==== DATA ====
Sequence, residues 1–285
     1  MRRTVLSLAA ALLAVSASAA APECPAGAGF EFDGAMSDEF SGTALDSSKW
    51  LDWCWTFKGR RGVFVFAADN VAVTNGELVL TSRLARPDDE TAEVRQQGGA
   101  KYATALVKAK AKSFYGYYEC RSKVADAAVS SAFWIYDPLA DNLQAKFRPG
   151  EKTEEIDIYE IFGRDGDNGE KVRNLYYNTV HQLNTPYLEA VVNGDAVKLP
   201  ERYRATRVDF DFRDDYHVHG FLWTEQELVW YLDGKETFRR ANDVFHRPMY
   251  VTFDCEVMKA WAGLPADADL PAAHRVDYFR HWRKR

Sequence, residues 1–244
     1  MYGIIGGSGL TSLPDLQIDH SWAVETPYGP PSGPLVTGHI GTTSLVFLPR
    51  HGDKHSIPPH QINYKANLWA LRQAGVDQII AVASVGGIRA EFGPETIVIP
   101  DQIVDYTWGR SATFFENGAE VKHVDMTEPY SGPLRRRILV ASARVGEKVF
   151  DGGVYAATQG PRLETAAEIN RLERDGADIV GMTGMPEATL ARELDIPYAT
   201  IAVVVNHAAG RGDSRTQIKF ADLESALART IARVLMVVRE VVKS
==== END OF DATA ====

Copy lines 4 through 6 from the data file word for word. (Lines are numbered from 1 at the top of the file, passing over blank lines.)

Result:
   101  KYATALVKAK AKSFYGYYEC RSKVADAAVS SAFWIYDPLA DNLQAKFRPG
   151  EKTEEIDIYE IFGRDGDNGE KVRNLYYNTV HQLNTPYLEA VVNGDAVKLP
   201  ERYRATRVDF DFRDDYHVHG FLWTEQELVW YLDGKETFRR ANDVFHRPMY